by Christine Adams Beckett
Five years ago, my family and I adopted a Basic Black Dog, although she is far from a fashionable accessory to our lives. She is a mutt, a crazy concotion of Dachshund, beagle perhaps, maybe some black lab. It’s anyone’s guess; a DNA report on the Pooch is likely a mile long. We simply like to categorize her as a Cold Cut-Seeking Harbor Seal-Eyed Badger Hound from Lousiana. She is a Bayou dog, supposedly born of a bitch who barely survived Hurricane Katrina. Spooked Mom lives in a shelter with a saint of a foster parent, who has given her a home where no one else would.
The Pooch now enjoys a pretty comfortable lifestyle: daily walks in Edgemont Memorial Park, an Olmsted designed pastoral wonderland of geese, squirrels and canine friends. She has a fenced-in yard in Suburbia, and three kids who slip her tasty morsels of supper between their knees, where her white goateed chin rests with just enough pressure to make her presence known. On cold nights, she finds her way to an empty third floor, where a guest room housing a queen size, pillow-topped mattress is a quiet retreat from all those table scraps and tours of the Park.
She is a welcome addition to our family, a friendly slip of a dog who whines with happiness after one of us returns from a longer than one hour absence. She performs tricks for treats, and in her younger days would even roll over, slap a high five and play dead at the sound of a verbal gunshot. (Although the tail would beat a steady rhythm on our hard wood floor, a nervous twitch of happiness I am certain expires with most “dead” dogs. She fools no one). On Friday nights, when her humans order in pizza and watch a movie, she finds herself in the center of it all, stretched out like a warm breakfast amongst a pile of children on a sectional sofa.
She isn’t perfect however. Ever since our third child arrived she has been snippy with dogs with whom she is unaquainted. She often pulls on the leash, especially around those aforementioned strange dogs. She cannot get through a meal without begging. She barks in response to the neighborhood of canines during times of agitation, incomprehensible to any human. She howls (with impressively perfect pitch) at every passing fire engine.
She’d never make it in Paris. There, le chien is a dignified, noble beast who knows how to behave in a Michelin three star resto. Leashes seem to be for puppies only, as I often would see dogs, bound and attached emotionally to their owners, trotting alongside in step to the beat of the street. No lead necessary. The dog would sit at intersections and would cross without command. I think they understood the traffic signal system.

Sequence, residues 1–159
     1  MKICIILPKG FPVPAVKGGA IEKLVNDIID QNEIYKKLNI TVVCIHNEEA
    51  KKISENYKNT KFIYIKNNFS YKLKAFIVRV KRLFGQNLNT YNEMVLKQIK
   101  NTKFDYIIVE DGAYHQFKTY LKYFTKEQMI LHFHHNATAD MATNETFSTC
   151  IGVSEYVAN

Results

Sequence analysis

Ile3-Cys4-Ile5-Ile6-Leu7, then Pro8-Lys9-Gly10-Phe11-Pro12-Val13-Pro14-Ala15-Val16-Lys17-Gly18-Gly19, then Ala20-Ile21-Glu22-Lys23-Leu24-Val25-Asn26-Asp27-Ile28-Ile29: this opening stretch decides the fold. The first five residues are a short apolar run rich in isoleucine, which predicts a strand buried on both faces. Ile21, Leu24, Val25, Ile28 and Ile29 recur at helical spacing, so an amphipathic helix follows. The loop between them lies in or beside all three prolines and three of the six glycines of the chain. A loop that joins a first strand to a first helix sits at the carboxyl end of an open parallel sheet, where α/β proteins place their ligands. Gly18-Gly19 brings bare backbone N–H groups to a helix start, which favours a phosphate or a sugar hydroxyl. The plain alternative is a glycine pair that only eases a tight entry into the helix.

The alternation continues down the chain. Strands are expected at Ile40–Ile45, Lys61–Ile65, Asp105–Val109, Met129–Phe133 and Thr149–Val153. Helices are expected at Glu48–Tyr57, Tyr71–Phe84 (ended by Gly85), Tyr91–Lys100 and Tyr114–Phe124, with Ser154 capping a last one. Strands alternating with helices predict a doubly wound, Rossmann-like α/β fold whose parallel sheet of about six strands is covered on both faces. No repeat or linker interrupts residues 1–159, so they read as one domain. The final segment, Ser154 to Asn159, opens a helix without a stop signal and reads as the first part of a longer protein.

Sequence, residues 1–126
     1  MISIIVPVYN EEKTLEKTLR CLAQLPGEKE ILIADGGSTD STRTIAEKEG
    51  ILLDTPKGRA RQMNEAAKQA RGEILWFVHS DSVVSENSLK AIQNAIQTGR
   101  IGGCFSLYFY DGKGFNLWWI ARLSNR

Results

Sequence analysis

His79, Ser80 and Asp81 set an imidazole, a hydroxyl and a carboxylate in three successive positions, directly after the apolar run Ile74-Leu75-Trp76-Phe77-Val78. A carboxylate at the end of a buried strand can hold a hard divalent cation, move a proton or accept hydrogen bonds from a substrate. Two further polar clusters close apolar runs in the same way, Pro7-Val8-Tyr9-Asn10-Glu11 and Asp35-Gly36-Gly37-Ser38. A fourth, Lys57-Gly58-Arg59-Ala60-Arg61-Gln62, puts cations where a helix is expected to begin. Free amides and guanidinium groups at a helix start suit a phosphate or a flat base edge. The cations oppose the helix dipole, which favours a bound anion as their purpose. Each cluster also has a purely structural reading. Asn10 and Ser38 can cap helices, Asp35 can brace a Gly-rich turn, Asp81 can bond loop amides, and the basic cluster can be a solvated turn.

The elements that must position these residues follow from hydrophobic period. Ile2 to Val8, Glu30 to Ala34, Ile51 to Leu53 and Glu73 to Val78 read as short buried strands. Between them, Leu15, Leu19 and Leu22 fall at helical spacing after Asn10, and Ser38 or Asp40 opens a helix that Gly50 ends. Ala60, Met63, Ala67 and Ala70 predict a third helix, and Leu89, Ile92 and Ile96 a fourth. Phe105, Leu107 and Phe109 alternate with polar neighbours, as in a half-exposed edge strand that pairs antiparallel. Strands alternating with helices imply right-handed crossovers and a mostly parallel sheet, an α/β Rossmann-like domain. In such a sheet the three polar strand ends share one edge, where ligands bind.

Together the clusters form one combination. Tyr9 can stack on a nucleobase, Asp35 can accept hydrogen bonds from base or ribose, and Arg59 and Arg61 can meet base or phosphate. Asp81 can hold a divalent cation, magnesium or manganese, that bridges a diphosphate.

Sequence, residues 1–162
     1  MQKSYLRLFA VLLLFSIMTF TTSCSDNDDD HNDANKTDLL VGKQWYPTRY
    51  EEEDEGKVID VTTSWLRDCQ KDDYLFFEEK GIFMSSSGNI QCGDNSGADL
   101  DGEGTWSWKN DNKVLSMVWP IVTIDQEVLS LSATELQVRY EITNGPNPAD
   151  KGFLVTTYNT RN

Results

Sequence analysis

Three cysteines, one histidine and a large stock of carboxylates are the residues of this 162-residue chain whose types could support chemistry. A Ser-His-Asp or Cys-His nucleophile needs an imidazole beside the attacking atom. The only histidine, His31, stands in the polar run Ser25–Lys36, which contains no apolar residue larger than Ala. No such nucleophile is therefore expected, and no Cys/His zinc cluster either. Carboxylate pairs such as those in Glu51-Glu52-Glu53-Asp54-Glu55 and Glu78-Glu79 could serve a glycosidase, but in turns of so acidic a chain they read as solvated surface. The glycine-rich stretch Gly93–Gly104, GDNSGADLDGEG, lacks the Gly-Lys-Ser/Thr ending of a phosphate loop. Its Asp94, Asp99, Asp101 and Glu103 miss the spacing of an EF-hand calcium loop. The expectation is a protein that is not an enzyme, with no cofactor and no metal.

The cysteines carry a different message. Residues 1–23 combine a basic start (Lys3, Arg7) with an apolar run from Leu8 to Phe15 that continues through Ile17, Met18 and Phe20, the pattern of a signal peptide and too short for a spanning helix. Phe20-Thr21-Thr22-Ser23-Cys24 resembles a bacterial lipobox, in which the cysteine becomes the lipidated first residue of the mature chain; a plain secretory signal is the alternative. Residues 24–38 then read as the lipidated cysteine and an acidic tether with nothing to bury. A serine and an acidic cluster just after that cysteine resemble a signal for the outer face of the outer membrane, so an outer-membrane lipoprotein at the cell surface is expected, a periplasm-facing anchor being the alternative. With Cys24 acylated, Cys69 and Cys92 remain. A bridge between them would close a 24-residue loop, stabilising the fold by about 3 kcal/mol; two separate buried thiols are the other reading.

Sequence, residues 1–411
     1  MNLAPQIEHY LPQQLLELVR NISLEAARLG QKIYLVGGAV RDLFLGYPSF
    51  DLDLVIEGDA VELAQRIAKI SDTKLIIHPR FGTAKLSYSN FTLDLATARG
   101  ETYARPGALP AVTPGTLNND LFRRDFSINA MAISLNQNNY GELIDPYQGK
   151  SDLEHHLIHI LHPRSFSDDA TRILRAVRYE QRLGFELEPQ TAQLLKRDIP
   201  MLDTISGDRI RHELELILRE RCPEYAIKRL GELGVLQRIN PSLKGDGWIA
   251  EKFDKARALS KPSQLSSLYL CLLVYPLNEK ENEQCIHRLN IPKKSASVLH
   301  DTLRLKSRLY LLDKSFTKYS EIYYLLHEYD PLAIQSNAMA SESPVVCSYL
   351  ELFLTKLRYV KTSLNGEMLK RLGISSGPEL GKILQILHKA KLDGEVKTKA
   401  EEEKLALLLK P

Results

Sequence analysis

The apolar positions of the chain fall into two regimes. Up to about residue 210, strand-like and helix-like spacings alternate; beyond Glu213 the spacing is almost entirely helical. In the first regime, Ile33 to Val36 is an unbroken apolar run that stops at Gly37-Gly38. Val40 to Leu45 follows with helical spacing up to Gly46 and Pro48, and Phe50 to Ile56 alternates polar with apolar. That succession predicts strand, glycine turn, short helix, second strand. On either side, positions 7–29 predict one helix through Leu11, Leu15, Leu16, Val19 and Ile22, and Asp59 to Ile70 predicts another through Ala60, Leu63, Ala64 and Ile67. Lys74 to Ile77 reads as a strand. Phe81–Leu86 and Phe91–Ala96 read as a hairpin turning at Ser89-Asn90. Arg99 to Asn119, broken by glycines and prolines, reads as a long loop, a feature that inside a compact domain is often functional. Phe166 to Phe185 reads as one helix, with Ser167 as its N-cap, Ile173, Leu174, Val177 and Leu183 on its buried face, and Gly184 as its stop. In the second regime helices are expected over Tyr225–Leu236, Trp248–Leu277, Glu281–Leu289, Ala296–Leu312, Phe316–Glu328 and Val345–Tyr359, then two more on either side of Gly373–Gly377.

We almost always had a canine fellow diner in the restaurants we frequented. Watiers catered to them, too; one shitzhu was hydrated with a bottle of Evian served from a silver bowl at one of L’Ateliers Joel Robuchon, en Saint-Germain-des-Près. I condescended to drink mine from a standard glass, and was rewarded with a sneer from the furry muzzle at the next table.
As well behaved and couth as the typical Parisian dog, they weren’t allowed in the parks, for the most part. They’d frequent the Metro, many boutiques and grande department stores. Yet I never once saw a dog run while living in Paris, although I have to admit I wasn’t exactly looking for one either. Most of the Parisian dog population consisted of the toy variety, toted in purses or under a marinière sleeved arm, but never wrestling with a child in the Jardin du Luxembourg. I don’t know where you’d play fetch à Paris either.
Most Parisian pups seemed to be companion dogs, taking on the persona of life partner, rather than my American version of Unconditional Lover and Playmate to Emotionally Developing Children. According to a recent New York Times article, more than half the city of lights is populated by those who live alone. According to Maps of the World, France as a whole ranks #7 in dog population: not bad for a country the size of Texas. I would venture to guess many of the more than 8 millions dogs in France keep those singles en compagnie in Paris.
Ironically, none (save one) of my Parisian friends had a dog. Most had children though; and their children, like mine, begged for one whenever given the opportunity: when that ami française would bring her delightful golden retriever to the Café Raspail Verte where we’d sometimes have a gouter and a café crème after school.
My standard reply: “If we live in a house and not an apartment when we move back to America, we’ll get a dog.”
Mom and the Pooch made good on the promise. I expected her to be the drooling American variety of pet; she would drink tap water and play fetch. She’d be too big for a tote bag and she would be a terrific source of comfort and joy to my kids. With age, however, I see a dignified air of nobility in her brown eyes, similar to those of our non-jaywalking furry French friends. She tolerates the toddler with patience and virtue, but I’d never trust her off a leash. She is no chien de Paris. She is aptly named the Pooch: a Heinz 57 Special with the overt charisma of your typical, overly-affectionate American. We wouldn’t want her any other way.
Post Script: It is not exactly customary to curb your dog in Paris, and because of the inevitable common problem that follows, it is considered good luck to step in a pile of merde, copious piles of which decorate the sidewalks. As such, instead of saying “Break a leg” to a performer in France, it is simply… Merde!
Some of the Pooch simile and metaphor, like “laid out like a warm breakfast” and “dignified, noble beast” is courtesy of John H. Adams, Jr. who along with his delightful wife, Anne M. Adams, always kept his children in good dog company. They also answer to the names Dad and Mom, Grandma and Grandpa…